As a measure to boost national savings, the Reserve Bank is advocating the Nordic tax system where income earned on capital is taxed much more lightly than the top tax rate on labour income.
In its submission to the Savings Working Group it also pushes, as it has in the past, the case for taxing only the real or inflation-adjusted interest income of savers, while allowing businesses and landlords to deduct only their real, not nominal, interest expense.
But like the Treasury the bank argues that the biggest and fastest thing the Government could do to lift national savings would be to return its own operating balance to the black as soon as possible.
It estimates that the Government is running a structural deficit (that will not close automatically as the economic cycle improves) of around 5 per cent of gross domestic product
"The large deficits are now probably exacerbating the overvaluation of the exchange rate, simply because they are providing support for domestic demand in ways that mean the official cash rate is set higher than it need otherwise be," it says.
Raising government savings would to some extent be offset by lower private savings, but probably by no more than half.
"If the structural deficit is now around 5 per cent of GDP, closing that deficit quite quickly would also quite quickly add 2.5 percentage points to the national savings rate, with a commensurate reduction in the current account deficit. No other plausible policy changes could reasonably be expected to have effects on that scale over, say, the next five years."
The bank likes the Nordic system where capital income, such as profits, rents, interest and dividends, is taxed at a flat rate lower than the top marginal tax rate on labour income.
"Business investment (and saving) typically responds more aggressively to tax changes than the willingness of people to work does," it says.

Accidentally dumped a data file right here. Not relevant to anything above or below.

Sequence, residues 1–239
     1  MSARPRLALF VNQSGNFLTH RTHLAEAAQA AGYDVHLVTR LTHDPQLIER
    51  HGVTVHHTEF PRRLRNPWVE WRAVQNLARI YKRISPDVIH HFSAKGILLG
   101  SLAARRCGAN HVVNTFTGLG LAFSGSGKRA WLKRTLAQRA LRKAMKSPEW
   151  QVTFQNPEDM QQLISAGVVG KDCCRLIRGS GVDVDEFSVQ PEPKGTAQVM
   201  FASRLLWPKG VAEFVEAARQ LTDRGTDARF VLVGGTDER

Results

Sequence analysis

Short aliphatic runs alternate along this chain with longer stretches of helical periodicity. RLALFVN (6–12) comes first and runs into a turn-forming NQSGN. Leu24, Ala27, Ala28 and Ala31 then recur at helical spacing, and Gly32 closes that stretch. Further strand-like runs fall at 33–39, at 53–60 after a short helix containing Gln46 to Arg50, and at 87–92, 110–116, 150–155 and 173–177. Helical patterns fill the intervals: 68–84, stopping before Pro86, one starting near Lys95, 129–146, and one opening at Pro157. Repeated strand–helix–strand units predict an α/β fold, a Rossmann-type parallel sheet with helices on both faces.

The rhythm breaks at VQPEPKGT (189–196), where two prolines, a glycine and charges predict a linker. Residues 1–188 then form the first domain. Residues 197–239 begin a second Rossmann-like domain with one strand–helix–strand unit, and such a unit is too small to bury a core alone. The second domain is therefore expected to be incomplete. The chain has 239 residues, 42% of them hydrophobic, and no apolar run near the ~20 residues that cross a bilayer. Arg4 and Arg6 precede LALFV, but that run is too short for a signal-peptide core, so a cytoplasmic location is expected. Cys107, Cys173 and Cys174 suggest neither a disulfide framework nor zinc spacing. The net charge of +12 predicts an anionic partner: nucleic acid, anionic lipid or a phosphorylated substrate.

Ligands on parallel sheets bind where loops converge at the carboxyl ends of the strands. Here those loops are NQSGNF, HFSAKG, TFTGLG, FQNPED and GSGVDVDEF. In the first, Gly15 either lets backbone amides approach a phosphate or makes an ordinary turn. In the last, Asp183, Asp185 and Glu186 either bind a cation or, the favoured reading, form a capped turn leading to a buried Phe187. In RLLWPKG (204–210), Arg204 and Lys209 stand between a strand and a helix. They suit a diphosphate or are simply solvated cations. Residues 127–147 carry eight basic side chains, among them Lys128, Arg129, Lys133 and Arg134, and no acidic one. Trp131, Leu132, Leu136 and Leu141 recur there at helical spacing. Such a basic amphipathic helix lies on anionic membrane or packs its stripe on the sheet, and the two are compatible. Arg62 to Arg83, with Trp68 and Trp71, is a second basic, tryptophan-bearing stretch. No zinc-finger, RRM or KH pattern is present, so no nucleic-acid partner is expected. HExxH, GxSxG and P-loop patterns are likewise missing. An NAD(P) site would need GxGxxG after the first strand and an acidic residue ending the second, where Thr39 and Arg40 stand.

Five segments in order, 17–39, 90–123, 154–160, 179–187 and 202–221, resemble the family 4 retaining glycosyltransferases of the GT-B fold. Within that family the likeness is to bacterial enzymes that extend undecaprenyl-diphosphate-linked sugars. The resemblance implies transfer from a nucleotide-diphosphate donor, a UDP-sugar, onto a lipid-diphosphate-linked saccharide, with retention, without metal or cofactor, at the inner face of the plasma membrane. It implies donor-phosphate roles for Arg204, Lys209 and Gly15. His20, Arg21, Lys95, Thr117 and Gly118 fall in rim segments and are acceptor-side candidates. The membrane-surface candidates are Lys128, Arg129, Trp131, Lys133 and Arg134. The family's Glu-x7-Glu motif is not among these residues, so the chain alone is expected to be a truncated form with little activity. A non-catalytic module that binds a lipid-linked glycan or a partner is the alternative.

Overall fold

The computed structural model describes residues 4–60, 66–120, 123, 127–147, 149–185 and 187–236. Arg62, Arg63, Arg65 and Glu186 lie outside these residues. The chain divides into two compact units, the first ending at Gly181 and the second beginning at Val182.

While this would appear to be a change that favoured investors and employers, "research evidence is clear that the bulk of taxes levied on owners of capital are actually, in economic effect, borne by wage and salary earners. Less private investment means, over time, less productivity and less wage growth".
But Inland Revenue in its submission to the Savings Working Group says it would be administratively complex and involve a complete redesign of the income tax system.
It would only be worth considering if the tax on capital income were cut way below the current 28 per cent company tax rate.
If it were cut to, say, 17.5 per cent, it would reduce tax revenue by more than $3 billion. That would require either substantial cuts to Government spending or substantial increases in other taxes.
A less radical change in the same direction would be to extend the PIE regime which already limits the tax on income earned in a portfolio investment entity to 28 per cent while other income can be taxed at up to 33 per net.
Tax officials say that extending the 28 per cent rate to interest earned on bank deposits and dividends from widely held companies could cost about $300 million a year in revenue.
While money would be likely to flow out of PIEs into other assets, tax officials doubted there would be large amounts of new investment as a result of such a change.
On indexation - making only real interest income taxable and real interest costs deductible - the bank questions the fairness or efficiency of a system than can see the real income of a pensioner's modest bank deposits taxed more heavily than a wealthy business person's labour or entrepreneurial income.
And allowing full deduction of nominal interest for investment properties may have exacerbated the housing boom, it says. But officials also argue that adopting a system unique among developed countries might create opportunities for tax avoidance.
Capital income - such as profits, rents, interest and dividends - is taxed at a flat rate lower than the top marginal tax rate on labour income.